Eye On the Prize: Pitching Prospects to Watch in 2018

Relievers Don't get The Hype, But They Contribute

LHP Jesse Biddle. (Photo: Yong Kim/Philadephia Inquirer)

In my last post, I mentioned several players to keep your eye on, comparing them to Bitcoin. This time around, I’ve found some pitching prospects that require a much closer look. Maybe something akin to Ethereum.

Everyone knows the big name prospects, but there’s so much more here. For the past few seasons, much has been made of Atlanta’s woeful bullpen. While the reliever prospects don’t receive as much air time, there’s plenty of potential to be molded. True, these prospects are much more volatile, but there’s little doubt Atlanta’s bullpen could turn around quickly. In true Royals fashion Atlanta’s bullpen could go from its biggest weakness to its biggest strength.

Anyelo Gomez

Age: 24

Height: 6’1″   Weight: 185 lbs

Throws: Right

Atlanta’s first (and only) selection in the major league portion of the Rule 5 draft back in December, Gomez should immediately step into a big time role in Atlanta. As a Rule 5 pick, Gomez must remain on the Braves 25 man roster for the entirety of the season, or the Braves must offer him back to New York for half of what they paid. That shouldn’t be too much of a problem, as Gomez, after ascending through four levels of the minors last season, posted some very enticing numbers. Through 70.1 innings last year, Gomez posted 87 strikeouts, good for 11.1 K/9 with only 21 walks. While he posted slightly reverse splits a season ago, Gomez certainly projects to be a key cog in the bullpen for Atlanta this season.

Anyelo Gomez is pictured during a 2016 minor league spring training game. The Braves selected the Dominican reliever from the Yankees in the 2017 Rule 5 Draft. (Mike Janes/Four Seam Images via AP)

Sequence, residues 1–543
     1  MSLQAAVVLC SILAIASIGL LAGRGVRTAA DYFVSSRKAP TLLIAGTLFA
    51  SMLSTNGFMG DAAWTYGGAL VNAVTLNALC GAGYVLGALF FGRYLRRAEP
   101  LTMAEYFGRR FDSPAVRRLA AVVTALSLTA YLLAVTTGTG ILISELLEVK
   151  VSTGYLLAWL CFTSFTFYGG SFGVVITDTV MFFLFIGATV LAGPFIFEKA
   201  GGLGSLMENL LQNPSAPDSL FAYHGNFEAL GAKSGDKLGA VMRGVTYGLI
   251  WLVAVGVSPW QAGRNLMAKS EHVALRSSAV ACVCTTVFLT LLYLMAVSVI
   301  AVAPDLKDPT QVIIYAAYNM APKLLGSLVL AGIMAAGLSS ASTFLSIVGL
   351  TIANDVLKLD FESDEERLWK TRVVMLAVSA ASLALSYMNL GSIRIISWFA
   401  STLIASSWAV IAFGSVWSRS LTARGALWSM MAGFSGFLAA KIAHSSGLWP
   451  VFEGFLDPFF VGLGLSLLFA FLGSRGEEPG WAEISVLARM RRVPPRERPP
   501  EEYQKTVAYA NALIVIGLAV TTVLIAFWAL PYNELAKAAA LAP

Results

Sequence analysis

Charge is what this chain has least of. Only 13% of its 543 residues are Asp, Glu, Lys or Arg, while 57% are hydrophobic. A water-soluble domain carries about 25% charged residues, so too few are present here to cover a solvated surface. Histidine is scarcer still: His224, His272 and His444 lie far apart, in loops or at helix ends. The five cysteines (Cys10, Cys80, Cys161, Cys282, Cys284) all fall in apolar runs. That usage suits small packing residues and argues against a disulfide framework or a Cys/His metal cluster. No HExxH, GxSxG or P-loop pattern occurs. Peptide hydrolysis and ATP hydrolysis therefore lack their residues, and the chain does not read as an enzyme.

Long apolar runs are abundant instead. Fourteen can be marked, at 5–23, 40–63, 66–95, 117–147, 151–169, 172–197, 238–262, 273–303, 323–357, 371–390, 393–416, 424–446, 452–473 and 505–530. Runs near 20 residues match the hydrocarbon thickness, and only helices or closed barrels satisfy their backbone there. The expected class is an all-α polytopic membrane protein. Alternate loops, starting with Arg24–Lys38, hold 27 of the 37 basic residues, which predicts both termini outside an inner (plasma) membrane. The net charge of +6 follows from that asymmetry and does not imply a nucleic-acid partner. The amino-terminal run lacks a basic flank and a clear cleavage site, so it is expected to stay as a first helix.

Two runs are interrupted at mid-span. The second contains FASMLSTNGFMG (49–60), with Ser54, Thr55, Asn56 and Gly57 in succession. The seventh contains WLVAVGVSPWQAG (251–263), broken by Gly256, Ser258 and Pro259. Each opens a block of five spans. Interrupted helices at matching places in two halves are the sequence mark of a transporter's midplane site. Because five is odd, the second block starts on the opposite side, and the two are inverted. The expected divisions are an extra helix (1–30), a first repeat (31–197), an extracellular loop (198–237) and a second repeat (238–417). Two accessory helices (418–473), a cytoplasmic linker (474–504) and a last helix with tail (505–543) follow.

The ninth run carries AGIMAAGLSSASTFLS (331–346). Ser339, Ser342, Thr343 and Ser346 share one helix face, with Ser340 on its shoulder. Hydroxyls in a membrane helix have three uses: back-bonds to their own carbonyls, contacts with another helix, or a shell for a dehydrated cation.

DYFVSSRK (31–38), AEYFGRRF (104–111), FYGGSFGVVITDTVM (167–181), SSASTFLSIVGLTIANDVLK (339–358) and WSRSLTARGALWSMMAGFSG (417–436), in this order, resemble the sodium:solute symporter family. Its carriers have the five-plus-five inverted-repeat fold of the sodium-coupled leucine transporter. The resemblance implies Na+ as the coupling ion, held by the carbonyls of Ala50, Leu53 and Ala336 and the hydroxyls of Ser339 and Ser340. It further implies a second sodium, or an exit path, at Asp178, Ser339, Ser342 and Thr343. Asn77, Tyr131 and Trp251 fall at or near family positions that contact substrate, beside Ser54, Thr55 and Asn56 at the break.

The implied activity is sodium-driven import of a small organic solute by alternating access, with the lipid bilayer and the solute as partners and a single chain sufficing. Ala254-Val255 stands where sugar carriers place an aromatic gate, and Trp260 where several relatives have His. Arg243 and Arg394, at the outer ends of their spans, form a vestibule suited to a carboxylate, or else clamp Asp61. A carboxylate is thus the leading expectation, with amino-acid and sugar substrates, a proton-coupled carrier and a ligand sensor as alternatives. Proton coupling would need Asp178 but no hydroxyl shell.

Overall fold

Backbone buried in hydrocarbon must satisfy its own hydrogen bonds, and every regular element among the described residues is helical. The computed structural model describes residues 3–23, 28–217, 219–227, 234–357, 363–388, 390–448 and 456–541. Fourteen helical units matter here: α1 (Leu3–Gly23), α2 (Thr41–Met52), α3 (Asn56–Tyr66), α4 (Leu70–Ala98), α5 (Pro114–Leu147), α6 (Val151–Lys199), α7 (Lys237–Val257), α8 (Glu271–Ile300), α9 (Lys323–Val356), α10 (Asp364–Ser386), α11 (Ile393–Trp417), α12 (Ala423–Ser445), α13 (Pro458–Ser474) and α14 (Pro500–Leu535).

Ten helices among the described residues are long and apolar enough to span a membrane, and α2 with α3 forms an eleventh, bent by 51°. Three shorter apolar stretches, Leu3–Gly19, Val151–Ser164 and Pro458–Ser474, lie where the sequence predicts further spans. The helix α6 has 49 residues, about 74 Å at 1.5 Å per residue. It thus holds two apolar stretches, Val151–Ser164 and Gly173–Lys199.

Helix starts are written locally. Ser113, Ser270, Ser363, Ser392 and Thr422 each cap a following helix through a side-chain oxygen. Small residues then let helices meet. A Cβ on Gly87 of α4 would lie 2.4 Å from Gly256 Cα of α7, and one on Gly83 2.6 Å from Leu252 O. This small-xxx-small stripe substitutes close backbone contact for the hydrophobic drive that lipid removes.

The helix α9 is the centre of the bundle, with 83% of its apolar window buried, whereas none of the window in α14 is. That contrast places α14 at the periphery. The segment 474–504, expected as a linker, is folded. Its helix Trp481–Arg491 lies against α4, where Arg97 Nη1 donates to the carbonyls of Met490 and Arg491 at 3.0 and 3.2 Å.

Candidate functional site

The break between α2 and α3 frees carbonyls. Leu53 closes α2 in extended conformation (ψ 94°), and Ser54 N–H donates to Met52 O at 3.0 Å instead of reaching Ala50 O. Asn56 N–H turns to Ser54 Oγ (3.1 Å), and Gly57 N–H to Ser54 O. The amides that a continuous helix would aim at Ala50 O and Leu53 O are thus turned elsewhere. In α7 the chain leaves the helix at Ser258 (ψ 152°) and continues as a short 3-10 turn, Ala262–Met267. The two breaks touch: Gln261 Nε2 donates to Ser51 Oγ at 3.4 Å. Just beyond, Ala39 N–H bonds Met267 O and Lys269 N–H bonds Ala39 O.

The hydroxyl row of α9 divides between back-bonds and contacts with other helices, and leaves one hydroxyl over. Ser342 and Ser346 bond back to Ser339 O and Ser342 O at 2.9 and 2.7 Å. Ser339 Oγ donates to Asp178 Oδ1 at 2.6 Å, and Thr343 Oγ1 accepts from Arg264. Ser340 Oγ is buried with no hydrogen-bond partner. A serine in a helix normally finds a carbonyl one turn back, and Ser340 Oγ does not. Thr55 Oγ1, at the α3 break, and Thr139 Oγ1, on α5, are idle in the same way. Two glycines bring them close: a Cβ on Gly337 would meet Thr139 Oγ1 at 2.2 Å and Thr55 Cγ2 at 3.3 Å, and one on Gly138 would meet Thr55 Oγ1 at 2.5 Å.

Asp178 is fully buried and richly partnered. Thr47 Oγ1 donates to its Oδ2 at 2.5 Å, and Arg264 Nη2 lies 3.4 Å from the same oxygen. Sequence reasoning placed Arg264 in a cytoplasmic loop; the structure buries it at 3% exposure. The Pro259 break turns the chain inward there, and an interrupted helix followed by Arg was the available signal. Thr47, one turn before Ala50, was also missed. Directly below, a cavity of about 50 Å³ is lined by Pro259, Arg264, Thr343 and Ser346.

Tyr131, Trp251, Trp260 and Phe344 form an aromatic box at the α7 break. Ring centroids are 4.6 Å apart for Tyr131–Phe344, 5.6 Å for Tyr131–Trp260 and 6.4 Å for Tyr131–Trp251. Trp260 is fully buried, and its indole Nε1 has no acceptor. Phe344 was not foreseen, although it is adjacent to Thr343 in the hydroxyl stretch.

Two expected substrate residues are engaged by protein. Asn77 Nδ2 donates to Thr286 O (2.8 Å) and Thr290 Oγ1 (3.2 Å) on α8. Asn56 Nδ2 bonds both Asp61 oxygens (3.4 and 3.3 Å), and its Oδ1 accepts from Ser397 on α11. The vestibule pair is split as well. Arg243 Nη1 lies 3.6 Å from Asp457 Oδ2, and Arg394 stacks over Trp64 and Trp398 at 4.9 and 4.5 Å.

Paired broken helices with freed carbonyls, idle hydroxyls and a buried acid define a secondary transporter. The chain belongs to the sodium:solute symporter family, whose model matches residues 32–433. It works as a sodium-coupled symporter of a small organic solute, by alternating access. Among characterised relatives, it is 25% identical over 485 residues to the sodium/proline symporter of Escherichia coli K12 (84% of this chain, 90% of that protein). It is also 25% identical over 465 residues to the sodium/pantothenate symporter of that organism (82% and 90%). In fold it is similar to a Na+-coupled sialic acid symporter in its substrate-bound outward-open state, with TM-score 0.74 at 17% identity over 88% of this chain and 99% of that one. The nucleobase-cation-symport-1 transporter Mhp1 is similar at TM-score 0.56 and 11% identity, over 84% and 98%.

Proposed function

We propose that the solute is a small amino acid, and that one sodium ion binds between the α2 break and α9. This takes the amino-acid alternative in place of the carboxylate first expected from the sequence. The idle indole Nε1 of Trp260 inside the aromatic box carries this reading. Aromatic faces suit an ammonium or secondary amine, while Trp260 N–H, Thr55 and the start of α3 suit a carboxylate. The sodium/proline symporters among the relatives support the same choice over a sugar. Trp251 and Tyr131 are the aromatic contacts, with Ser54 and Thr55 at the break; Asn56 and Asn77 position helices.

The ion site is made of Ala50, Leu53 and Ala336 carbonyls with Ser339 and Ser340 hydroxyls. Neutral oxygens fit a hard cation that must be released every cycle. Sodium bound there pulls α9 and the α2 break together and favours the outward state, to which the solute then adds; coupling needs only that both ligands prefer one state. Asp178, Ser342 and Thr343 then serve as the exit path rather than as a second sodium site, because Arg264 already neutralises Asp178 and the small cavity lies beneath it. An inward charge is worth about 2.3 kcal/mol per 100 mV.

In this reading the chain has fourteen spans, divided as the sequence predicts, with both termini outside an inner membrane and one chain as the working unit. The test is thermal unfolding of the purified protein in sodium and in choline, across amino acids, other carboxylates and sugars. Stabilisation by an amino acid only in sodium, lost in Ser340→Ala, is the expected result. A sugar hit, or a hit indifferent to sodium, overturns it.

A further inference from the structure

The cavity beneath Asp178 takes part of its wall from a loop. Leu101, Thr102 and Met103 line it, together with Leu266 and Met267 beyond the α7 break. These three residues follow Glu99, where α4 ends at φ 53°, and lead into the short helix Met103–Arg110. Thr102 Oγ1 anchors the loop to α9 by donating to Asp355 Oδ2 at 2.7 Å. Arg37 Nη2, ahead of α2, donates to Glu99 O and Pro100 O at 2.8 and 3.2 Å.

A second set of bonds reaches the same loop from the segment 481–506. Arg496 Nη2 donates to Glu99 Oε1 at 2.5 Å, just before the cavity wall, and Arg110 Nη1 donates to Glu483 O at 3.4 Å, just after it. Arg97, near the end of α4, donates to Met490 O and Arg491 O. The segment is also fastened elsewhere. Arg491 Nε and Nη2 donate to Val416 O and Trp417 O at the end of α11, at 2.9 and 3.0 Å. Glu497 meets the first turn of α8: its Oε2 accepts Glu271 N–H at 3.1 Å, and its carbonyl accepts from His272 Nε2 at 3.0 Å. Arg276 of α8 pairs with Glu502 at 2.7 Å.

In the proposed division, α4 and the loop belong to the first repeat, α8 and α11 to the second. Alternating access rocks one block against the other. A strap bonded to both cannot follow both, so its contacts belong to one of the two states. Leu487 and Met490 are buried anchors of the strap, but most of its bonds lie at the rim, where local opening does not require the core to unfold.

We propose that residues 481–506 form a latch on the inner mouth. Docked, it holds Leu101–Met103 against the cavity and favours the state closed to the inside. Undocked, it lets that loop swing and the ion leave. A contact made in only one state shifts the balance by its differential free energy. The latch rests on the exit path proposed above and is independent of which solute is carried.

Chase Johnson-Mullins

Age: 23

Height: 6’8″   Weight: 270 lbs

Throws: Left

Johnson-Mullins is a mountain of a man with a fastball to match. Working 96-98 MPH with his four-seamer, Johnson-Mullins complements a strong  two-seamer with an excellent curve ball. While it was only 44 innings in High A a season ago, his 10.23 K/9 with a 3.27 BB/9 is extremely intriguing coming from the left side. With very few big lefty flamethowers, Johnson-Mullins presents a prospect to keep tabs on. Throw in a 61.3 GB% and Johnson-Mullins is a true candidate to fly through a minor league system relatively lacking in high end lefty relievers.

Jessie Biddle

Age: 26

Height: 6’5″   Weight: 230 lbs

Throws: Left

It’s been a bit of a wild ride for Biddle. A former top prospect with Philadelphia back in 2013, Biddle tore his UCL in 2016. Shortly after the injury, he was traded to Pittsburgh, where Atlanta acquired him on waivers.  Oddly enough, Biddle posted some severe reverse splits last season, with lefties hitting .400 with an OPS of .969, and pitching slightly better with runners on base. Biddle works low- to mid-90’s with his fastball, a plus curve that at this point is his best pitch, and a promising changeup that features a decent bit of late fade that should help even out those reverse splits. Now two years removed from Tommy John surgery, expect big things from Biddle if he’s truly over the unfortunate injuries. A quick promotion to Atlanta at some point this season wouldn’t shock me at all.

Rome LHP Thomas Burrows fields a bunt from Lexington’s Khalil Lee. (Steven Eckhoff/Rome News-Tribune)

Thomas Burrows

Age: 23

Height: 6’1″   Weight: 205 lbs

Throws: Left

The “other” piece in the deal that sent Mallex Smith and Shae Simmons to Seattle in return for Luiz Gohara, Thomas Burrows is no slouch himself. In his 66.2 innings a season ago, Burrows struck out almost 12.5 batters per nine innings. That’s impressive enough in its own right, but when you couple in a walk rate of 3.38 BB/9, it’s almost mouth watering. A two-pitch guy, Burrows works with a fastball in the 92-94 MPH range with a slow, heavy slider that’s darn near unhittable from the left side.  Those high K numbers, complemented with a 52.4 GB%, make for a very intriguing late inning specialist, at the very worst.

Factor in these four prospects with others like Devan Watts, A.J. Minter, Corbin Clouse, Dan Winkler, and the incredibly underused Akeel Morris, and Atlanta’s bullpen looks primed for a major bounce back for the next few seasons.

Be the first to comment

Leave a Reply

[sc name="HeaderGoogleAnlytics"]